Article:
Roundup: CDC Confirms Zika Link to Birth Defects; Rate of Thyroid Cancer May Be Leveling Off

The U.S. Centers for Disease Control and Prevention confirmed that there is a link between birth defects and the Zika virus — a mosquito-carried illness.

Details about the CDC conclusion appear in the latest issue of New England Journal of Medicine. CDC scientists reviewed data and concluded that “Zika virus is a cause of microcephaly and other severe fetal brain defects.”

“This study marks a turning point in the Zika outbreak. It is now clear that the virus causes microcephaly. We are also launching further studies to determine whether children who have microcephaly born to mothers infected by the Zika virus is the tip of the iceberg of what we could see in damaging effects on the brain and other developmental problems,” says Tom Frieden, M.D., MPH., director of the CDC.

Evidence shows that Zika can be sexually transmitted. Therefore,  the CDC has recommended that pregnant women and their partners  “take steps to avoid Zika infection,” Dr. Frieden said. The CDC has recommended abstaining from unprotected sex if a partner has traveled to regions with locally transmitted cases of Zika.

Here’s a quick summary of recent news about Zika.

Expanded Scope: At a recent White House briefing, national health officials issued a strongly worded warning about the Zika virus.

“Everything we look at with this (Zika) virus seems to be a little scarier than we initially thought.” – Dr. Anne Schuchat, CDC principal deputy director. “The more and more we learn, the more you get concerned about the scope of what this virus is doing.” –Dr. Anthony Fauci, director of the National Institute for Allergy and Infectious Disease.

Zika Cases Nationwide

In the U.S., as of April 13, there are 358 reported cases of Zika virus, all related to travel outside the U.S. Of those 358 cases:
• Pregnant women represented 31 of the cases.
• Sexually transmitted Zika cases totaled seven
• There was one case of Guillain-Barré syndrome, a neurological disorder that is often accompanied by temporary paralysis.
In the U.S. Territories (Puerto Rico and the Virgin Islands)
• Zika cases linked to travel: 4
• Locally acquired cases: 471
• Pregnant women represented 8 of reported cases.
• One case of Guillain-Barré syndrome.


In Miami-Dade County, two new cases of Zika virus were disclosed yesterday, according to the Florida Department of Health.

Statewide, there are a total 87 cases, including 35 in Miami-Dade County and 13 in Broward County. All of the cases are linked to travel.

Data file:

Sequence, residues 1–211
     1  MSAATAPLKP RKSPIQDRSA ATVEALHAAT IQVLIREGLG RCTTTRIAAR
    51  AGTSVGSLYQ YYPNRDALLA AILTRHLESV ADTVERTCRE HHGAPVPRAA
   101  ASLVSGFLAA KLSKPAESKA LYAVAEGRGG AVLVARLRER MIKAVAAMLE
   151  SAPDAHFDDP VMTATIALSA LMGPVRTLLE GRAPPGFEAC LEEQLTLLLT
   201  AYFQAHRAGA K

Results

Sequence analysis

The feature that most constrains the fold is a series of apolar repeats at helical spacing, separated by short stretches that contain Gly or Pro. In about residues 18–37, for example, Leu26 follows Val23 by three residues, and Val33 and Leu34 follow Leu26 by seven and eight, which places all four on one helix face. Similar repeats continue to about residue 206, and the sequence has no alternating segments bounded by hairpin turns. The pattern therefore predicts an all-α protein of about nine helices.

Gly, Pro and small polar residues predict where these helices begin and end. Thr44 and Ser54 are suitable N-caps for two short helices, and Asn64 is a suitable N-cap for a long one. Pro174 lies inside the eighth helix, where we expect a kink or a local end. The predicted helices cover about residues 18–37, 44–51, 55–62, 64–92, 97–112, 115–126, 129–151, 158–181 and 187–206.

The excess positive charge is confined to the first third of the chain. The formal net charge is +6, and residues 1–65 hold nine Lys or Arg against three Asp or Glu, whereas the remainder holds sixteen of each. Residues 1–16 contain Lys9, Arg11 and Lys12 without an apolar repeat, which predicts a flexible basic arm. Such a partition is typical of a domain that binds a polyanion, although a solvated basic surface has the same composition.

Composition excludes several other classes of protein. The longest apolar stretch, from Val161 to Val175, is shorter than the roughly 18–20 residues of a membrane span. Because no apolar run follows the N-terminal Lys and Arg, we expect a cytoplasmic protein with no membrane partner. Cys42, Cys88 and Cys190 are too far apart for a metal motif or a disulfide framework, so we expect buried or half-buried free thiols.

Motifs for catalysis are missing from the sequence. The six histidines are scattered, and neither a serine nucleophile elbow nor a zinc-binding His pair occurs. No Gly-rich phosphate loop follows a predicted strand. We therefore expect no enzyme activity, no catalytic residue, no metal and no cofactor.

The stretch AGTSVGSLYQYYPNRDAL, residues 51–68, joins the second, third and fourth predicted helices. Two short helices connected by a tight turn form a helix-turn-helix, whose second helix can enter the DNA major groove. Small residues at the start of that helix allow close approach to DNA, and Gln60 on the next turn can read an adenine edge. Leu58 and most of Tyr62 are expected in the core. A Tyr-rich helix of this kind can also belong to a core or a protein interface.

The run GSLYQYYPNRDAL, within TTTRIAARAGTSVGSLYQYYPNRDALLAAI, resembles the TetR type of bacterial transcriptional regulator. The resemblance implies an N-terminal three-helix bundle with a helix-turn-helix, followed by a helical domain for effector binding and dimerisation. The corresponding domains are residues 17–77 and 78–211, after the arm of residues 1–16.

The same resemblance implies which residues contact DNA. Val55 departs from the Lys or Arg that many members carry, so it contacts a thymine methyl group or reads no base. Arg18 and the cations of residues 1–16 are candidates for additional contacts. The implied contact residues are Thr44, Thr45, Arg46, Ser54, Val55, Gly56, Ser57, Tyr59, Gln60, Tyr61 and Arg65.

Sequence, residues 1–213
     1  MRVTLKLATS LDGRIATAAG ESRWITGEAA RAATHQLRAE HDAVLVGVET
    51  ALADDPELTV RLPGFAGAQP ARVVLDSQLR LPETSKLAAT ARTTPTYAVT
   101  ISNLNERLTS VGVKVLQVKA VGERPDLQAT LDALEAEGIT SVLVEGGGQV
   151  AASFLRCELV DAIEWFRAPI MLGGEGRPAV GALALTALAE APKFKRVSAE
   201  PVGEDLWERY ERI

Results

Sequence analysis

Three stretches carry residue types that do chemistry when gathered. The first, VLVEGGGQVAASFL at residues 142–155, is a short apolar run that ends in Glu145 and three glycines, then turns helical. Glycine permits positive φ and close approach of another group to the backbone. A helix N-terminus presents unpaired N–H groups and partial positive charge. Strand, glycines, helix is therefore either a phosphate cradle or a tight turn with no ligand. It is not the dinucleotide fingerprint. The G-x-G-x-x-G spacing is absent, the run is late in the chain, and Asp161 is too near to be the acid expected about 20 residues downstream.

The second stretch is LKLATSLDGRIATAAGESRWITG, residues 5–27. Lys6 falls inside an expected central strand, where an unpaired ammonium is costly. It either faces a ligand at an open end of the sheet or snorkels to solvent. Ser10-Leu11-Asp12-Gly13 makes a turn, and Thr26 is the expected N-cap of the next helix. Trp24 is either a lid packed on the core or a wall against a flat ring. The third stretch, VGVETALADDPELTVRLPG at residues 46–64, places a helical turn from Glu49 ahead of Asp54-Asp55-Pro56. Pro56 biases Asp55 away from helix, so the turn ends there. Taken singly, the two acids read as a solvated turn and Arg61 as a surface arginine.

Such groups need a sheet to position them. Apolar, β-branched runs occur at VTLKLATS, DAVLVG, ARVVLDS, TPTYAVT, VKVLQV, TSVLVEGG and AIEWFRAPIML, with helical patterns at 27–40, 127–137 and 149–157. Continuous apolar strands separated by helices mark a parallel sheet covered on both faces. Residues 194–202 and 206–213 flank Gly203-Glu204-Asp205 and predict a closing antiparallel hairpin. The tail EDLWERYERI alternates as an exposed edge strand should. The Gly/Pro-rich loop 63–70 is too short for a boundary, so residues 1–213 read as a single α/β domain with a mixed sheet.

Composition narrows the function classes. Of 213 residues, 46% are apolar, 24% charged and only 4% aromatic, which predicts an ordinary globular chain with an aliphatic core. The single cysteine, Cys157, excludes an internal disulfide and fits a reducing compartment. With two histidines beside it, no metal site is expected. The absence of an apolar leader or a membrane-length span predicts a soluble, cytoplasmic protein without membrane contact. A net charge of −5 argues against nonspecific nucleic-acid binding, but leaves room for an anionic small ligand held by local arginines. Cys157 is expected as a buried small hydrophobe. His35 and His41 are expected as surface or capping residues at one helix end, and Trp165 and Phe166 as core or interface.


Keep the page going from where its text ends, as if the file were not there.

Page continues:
“Based on CDC guidance, several pregnant women who have traveled to countries with local-transmission of Zika have received antibody testing, and of those, five have tested positive for the Zika virus,” Florida health officials report.

Helpful Zika-related links:


Rate of Thyroid Cancer May Be Leveling Off

The rate of thyroid cancer may be leveling off, a new study indicates, after a large increase in the diagnosis of the disease over the last few decades.

The tripling of thyroid cancer cases over the past 30 years has been mostly attributed to a greater awareness of the disease and more widespread diagnosis.

According to a new report published online Thursday in the journal JAMA Otolaryngology — Head & Neck Surgery, the rates of diagnosis of thyroid cancer between 2010 and 2012 have stabilized, suggesting that clinical practices are changing.

“These data cannot provide causal evidence of a link between trends in the incidence of thyroid cancer and specific clinical practice guidelines,” researchers said. “Nevertheless, the data suggest that changing clinical practices are responsible for the slowing increase in the reported incidence of thyroid cancer.”

The updated analysis found an annual increase of 3 percent from 1988 to 1998. This incidence increased to 6.7 percent from 1998 to 2009, and then leveled off at 1.75 percent from 2010 to 2012.

“The rapidly rising incidence of thyroid cancer in the United States has been recognized as an ‘epidemic of diagnosis’ more than an epidemic of disease,” wrote researchers led by Luc G. T. Morris, MD, MSc, of the Memorial Sloan Kettering Cancer Center in New York. “Acknowledging this, practice guidelines are becoming increasingly nuanced in recommendations about which nodules to biopsy.”

Related article:

Thyroid Cancer Rising Among Women

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